A looming feeling of guilt invades me as I stick my nose to the minuscule plane’s window, staring thoughtfully as we fly away from Manila. Soon, I will have a comfortable mattress, a shower with running water or a toilet with a button to flush. Soon, I will be talking about big dreams, university ventures or desirous travelling. Soon, I will be back to my lucky life. As I admire at the shambolic skyline of Metro Manila, progressively disappearing from my sight, the fresh memories of the community we left in the Philippines jiggle in my head… and I can’t stop the guilt from growing inside me.
After three frenzied weeks, we managed to design, build and test and model for a household rainwater harvesting system that would collect 200L of water every 2-3 days. We now aim to work on improving the design, and consequently replicating the model in every household. Thinking that the village’s source of water for domestic consumption is a squirt of filthy water from the spring (a single pipe rotates on schedule around the village allowing the families with 20min – 200L – of water filling every other day), we feel gratified with the relevance of our work, for having posed a solution that will ameliorate the daily struggle of the families.
In addition, we succeeded on the request for ceramic filters, a system which will provide the families with a source of potable water readily available from their homes. The request was approved by the Mayor and accepted by the University, who is now committed to install, test and maintain ceramic filtration systems in every household of GK Ari-tau. Thinking on how the community now has to walk daily, carry voluminous water containers, to gather drinking water; on the stomach diseases they contract due to consuming this water, as they often described to us during the surveys; or on the economic effort it means for them to afford potable water… we feel content with the impact ceramic filters will have on the lives of the families.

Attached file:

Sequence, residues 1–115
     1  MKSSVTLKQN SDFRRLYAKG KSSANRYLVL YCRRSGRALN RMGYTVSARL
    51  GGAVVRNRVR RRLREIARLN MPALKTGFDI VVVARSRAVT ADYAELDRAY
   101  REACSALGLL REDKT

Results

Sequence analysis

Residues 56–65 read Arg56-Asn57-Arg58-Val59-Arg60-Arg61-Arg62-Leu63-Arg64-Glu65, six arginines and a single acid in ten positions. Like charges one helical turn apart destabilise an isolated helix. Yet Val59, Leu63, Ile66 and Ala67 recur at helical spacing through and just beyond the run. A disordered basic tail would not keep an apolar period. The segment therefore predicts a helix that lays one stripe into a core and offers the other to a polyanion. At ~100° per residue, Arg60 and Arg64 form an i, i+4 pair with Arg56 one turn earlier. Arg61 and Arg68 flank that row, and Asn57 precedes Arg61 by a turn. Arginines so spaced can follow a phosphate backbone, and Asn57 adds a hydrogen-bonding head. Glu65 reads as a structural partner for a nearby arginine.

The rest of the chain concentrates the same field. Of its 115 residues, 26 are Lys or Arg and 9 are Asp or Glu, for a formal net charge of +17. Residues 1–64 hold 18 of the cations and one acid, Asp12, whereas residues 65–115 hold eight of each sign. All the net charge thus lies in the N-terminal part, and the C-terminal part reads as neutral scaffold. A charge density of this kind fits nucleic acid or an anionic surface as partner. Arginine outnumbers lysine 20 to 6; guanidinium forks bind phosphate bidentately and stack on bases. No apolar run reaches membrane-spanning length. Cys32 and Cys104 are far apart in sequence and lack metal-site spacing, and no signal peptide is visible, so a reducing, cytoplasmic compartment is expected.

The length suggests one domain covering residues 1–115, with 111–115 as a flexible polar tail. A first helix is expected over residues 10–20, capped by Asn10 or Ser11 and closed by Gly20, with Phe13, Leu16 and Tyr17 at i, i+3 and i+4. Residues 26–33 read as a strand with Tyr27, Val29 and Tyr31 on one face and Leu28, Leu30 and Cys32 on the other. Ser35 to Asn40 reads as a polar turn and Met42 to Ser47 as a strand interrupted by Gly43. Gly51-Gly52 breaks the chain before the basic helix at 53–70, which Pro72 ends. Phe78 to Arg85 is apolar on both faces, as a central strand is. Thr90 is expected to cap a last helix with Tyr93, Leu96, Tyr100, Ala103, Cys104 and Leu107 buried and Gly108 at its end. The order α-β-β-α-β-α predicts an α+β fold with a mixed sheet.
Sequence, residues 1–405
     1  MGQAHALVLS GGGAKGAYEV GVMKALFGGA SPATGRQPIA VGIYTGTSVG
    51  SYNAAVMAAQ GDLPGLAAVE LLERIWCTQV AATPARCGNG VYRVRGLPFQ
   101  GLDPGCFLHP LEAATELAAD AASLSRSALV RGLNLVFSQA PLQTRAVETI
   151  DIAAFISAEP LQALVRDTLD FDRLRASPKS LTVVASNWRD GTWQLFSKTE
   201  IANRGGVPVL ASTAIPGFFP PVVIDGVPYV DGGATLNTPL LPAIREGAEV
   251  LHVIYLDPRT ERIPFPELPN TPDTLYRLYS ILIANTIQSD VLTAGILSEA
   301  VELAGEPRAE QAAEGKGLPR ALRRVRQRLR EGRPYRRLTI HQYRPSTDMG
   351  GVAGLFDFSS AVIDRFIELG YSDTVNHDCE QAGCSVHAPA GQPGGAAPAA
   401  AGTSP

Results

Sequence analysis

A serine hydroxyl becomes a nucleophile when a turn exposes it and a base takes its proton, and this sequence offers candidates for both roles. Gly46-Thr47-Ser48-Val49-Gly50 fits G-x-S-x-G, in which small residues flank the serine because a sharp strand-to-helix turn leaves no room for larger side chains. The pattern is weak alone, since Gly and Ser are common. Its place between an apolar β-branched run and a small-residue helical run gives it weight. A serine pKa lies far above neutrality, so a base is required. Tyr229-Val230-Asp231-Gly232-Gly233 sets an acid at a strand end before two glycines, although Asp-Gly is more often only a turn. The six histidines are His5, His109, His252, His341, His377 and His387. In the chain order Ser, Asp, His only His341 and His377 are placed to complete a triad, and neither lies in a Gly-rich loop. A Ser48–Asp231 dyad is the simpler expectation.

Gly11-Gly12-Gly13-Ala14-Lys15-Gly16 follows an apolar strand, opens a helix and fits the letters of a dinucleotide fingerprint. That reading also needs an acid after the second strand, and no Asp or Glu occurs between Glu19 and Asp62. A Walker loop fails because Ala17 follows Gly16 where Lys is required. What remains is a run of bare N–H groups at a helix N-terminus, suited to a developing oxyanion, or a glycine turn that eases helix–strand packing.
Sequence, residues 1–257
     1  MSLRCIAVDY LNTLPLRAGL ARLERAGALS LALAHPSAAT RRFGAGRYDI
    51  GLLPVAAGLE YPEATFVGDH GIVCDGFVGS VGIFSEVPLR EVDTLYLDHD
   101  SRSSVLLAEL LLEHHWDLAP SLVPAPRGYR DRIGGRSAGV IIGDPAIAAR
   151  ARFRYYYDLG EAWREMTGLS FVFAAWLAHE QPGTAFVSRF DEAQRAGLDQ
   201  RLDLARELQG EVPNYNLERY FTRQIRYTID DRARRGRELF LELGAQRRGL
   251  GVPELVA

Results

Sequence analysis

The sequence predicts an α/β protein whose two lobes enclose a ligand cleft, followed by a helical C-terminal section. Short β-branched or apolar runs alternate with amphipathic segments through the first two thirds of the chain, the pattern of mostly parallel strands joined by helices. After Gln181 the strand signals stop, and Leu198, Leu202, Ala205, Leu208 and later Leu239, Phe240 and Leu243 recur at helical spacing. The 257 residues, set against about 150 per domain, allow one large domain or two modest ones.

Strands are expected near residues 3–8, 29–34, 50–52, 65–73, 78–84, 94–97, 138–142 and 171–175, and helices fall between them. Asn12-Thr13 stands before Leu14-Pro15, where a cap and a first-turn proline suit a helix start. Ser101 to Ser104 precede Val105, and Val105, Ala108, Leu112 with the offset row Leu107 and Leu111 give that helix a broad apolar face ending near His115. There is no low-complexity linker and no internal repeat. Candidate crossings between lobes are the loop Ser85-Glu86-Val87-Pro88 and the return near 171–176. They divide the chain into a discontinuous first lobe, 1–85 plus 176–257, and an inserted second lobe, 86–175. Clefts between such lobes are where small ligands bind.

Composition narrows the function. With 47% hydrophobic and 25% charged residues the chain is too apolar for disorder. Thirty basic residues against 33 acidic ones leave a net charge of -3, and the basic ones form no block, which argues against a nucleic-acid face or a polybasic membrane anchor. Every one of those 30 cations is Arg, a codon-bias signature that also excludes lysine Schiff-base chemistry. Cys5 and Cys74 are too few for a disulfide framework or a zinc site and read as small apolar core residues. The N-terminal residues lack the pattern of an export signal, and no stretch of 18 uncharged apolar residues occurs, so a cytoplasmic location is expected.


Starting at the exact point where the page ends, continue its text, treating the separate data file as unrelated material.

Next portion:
In summary, evaluating the before & after of the water situation, we can say we managed to create a more reliable access to clean water for the families. However, having been immersed in the community revealed to us a broader range of social problems that are very hard to ignore. Not only concerning the access to clean water – which, by itself, will take more time, money and energy to get fully, sustainably solved. But many other distressing issues, like the fact that some families cannot afford medicine for their babies or relatives. Or the appalling truth that many youngsters won’t have the chance to receive a higher education.
The fulfilment of the work we have done here to improve their lives is shattered by the opaque reality of a vast unequal world. Grasping the magnitude of world’s vertiginous inequality gap at a more personal level, our work with Engineers Without Borders feels like a drop of oil in a crankcase. Even if we gave our best trying to help the community, our work seems like a drop in the ocean. A mad, enormous and daunting ocean stunned with thunderstorms of disparity.
Dazing at the minuscule plane window, I feel overwhelmed by the high fever of the world’s afflictions. The problem seems too complicated to dissect, too big to embrace, too high to reach… but the more optimistic side of me exclaims we shall not let the magnitude of the problem discourage us from attempting again! Attempting at a bigger scale, with a more innovative approach, raising more funds, bringing more people together and working hand in hand with the community once again.